Hanson is tricky. He plays upon a uniquely American dichotomy. Generally speaking, we Americans respect academic qualifications, but at the same time harbor deep-seated biases against those we deem too intellectual. The line there is squiggly. Thus, Hanson tries to claim academic credentials as a historian, but then immediately switches gears and denigrates any potential opposition as mere "academic" history squabbles. Yes, academic history, with its unreasonable insistence on things like footnotes or endnotes so that your sources can be checked, is not to be trusted. Indeed, he dismissed the whole lot by saying, "Academics in the university will find that assertion chauvinistic or worse -- and thus cite every exception from Thermopylae to Little Bighorn in refutation." Ahhh, I love the smell of Strawmen burning in the morning...
He further eroded any potential critique by claiming that any such opposition to his magnificent thesis would actually be motivated by those who want to engage in "cultural debates." If you have not read Hanson's work before, "cultural debates" is his personal code. Roughly translated you could say that for Hanson this stands for "campus liberals who hate America." Indeed, that dismissal of any opposition occurred in the very first paragraph of his book when he wrote, "While I grant that critics would disagree on a variety of fronts over the reasons for European military dynamism and the nature of Western civilization itself, I have no interest in entering such contemporary cultural debates, since my interests are in the military power, not the morality of the West"
His technique worked. Carnage and Culture was a national best-seller, and Hanson is himself now invited into the highest levels of the executive branch of government to speak and advise. He has been invited to the White House by the President and to other locations by the Vice President. His work is cited near and far, in no small part on the basis of his use of history. And all of this came about because he twisted facts to tell a story as he wanted it to be, not as the facts themselves lay out. And because he silenced his critics.
Hanson's dismissals of those who would correct the record he distorted are based upon two biases: "Campus liberals" would engage in culture wars, and "non-military historians" don't know about military history and are thus unqualified to speak on the topic at hand. Sometimes he combines the two techniques when attacking those with the temerity to critique him. One typical Hanson response to a critic who did not identify their political party will suffice to illustrate. Said Hanson to the reader, "Unfortunately you know nothing of history and so like most on the Left think that your age, your circumstances, your views are always unique and transcend some 231 years of our America past. Do you know anything about the winter of 1776? Or the summer of 1864, or Spring 1917? Or the Pacific in 1944, or the Bulge, or November 1950? There an "incompetent group of people" did not manage a war that lost 3,000, but almost 100,000 dead and wounded alone in 2 months in the Ardennes, or 50,000 casualties in 6 weeks on Okinawa."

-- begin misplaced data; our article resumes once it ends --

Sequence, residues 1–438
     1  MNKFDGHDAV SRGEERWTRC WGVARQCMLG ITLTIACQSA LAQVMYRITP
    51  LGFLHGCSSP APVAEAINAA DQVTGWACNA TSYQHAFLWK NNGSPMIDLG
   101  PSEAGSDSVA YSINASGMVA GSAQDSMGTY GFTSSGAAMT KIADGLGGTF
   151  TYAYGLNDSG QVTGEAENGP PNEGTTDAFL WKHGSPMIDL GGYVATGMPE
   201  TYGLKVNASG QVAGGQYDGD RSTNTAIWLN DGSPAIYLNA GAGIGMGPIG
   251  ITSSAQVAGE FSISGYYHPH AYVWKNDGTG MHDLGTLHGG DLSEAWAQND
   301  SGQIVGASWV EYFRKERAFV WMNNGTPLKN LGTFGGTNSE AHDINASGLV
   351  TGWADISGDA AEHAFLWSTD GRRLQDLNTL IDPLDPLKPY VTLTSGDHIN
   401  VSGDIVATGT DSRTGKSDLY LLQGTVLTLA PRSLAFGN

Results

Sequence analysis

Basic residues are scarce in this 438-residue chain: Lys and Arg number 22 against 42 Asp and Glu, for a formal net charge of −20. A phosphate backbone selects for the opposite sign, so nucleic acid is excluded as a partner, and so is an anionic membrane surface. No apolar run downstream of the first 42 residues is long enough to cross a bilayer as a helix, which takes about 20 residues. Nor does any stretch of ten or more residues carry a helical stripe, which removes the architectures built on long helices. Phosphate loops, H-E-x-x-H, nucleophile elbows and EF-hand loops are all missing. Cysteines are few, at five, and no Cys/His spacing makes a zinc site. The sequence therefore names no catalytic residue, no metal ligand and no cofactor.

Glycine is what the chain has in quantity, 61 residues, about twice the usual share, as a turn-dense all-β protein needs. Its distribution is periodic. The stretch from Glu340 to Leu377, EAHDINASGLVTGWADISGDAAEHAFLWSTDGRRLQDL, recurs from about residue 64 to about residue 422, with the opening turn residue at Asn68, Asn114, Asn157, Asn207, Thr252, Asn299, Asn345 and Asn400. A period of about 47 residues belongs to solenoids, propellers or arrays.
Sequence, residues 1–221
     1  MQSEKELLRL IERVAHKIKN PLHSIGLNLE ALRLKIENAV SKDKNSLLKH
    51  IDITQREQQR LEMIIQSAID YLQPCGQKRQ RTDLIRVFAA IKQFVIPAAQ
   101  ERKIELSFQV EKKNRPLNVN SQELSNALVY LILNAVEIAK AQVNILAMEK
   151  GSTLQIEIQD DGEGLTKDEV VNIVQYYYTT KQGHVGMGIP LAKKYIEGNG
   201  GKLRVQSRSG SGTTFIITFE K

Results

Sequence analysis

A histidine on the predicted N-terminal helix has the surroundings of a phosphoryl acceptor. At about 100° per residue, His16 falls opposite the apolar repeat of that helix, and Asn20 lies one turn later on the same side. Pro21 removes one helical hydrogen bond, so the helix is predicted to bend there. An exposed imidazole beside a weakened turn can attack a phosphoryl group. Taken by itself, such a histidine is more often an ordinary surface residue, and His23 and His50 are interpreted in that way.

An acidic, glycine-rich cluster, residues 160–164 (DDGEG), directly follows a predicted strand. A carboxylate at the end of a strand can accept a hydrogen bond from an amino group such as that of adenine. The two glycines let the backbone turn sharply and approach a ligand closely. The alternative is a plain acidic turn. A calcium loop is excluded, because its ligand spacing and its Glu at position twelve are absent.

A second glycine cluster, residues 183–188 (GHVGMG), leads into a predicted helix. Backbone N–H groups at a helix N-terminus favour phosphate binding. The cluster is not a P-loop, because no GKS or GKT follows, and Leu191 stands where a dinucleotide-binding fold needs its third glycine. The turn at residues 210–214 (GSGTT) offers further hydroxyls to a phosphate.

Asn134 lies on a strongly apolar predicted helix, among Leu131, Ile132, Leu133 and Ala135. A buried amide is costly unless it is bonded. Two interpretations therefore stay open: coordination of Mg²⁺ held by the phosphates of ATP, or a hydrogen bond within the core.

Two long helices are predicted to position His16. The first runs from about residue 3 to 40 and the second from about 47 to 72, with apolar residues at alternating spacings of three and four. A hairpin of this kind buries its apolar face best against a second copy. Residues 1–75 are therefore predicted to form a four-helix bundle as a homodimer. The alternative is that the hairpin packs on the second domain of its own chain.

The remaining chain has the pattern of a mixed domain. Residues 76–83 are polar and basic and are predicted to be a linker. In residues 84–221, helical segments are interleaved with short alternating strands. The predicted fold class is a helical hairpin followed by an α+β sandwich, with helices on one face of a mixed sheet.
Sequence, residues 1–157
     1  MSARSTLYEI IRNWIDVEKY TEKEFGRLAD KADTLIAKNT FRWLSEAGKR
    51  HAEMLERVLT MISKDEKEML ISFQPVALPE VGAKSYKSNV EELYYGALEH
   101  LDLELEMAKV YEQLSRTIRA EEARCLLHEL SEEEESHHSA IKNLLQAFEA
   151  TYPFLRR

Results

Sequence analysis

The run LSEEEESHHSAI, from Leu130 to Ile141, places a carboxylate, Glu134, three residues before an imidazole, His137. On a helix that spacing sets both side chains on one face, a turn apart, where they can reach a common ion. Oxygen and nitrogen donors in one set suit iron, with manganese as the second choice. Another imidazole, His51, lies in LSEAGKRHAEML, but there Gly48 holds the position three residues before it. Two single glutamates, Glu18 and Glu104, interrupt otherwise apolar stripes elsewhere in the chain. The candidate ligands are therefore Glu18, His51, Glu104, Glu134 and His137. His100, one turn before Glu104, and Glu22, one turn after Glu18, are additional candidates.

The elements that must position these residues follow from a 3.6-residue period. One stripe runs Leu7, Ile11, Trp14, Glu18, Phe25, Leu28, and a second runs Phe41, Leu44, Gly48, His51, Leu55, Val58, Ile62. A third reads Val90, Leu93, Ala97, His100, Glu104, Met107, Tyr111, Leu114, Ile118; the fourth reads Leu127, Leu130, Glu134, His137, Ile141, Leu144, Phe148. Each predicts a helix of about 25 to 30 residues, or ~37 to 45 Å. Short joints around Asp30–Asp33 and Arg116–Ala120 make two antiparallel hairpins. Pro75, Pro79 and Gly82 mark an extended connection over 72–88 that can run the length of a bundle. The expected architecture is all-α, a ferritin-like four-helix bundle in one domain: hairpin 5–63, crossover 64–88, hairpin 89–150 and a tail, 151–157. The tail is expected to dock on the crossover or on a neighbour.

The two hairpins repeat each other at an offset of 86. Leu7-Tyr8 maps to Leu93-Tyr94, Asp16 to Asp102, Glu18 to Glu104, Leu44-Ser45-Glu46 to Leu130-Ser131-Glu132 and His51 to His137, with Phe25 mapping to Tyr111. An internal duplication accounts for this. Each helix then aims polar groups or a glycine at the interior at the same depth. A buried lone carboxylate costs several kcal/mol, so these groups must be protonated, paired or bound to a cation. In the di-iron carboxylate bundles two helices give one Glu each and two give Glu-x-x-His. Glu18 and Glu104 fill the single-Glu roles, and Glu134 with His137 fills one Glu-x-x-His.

Well Mr. Hanson, it so happens that I do, in fact, know a wee bit about the Winter of '76, the Summer of 1864, and the Spring of 1917. (Though why you would cite the Spring of 1917 is curious in itself as a stand-alone statement. That Spring, you see, there were no Americans in ground combat yet. Indeed we were not yet at war until that Spring was halfway over. So why you didn't mention the much more appropriate Spring of 1918, when the German's Plan Michael/Spring Offensive created a crisis for the Allies and the first American ground combat forces were thrown into the line to stem the tide is beyond me. It does, however, seem to suggest that you don't know what you are talking about.) I also know about the Pacific in 1944, and the Ardennes Campaign of December 44/January 45, and I assure you that I know about not just November, but all of 1950.
I know all of these things, and because I am a military historian and believe that your personal technique of torturing the facts until they conform to your thesis is hurting America, and that your personal signal work, Carnage and Culture, is a pile of poorly constructed, deliberately misleading, intellectually dishonest feces. I believe it is my personal obligation to try and correct the record and demonstrate for as many people as possible, why they should not believe you when you try to cite history in support of any of your personal shiny little pet rocks.
Next Week: Cannae
A similar version of this essay appeared on War Historian and Altercation in the beginning of October. These opinions are those of Robert Bateman and do not reflect those of the DoD or any other government element. Write to LTC Bob Batemen.
SWJ Editors Links
A Reply and Other Things - Victor Davis Hanson
Bateman on VDH - Abu Muqawama